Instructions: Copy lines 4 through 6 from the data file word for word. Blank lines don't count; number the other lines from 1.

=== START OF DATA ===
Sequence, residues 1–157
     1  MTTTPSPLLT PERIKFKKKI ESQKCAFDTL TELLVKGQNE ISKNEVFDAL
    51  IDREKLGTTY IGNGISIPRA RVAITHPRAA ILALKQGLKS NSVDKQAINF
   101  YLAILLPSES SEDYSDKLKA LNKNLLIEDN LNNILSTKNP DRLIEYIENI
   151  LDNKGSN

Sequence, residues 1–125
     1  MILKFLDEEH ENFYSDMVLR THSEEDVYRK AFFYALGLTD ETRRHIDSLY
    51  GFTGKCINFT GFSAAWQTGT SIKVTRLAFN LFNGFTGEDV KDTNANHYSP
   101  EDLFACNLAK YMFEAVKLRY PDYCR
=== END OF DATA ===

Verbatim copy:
   101  YLAILLPSES SEDYSDKLKA LNKNLLIEDN LNNILSTKNP DRLIEYIENI
   151  LDNKGSN

Sequence, residues 1–125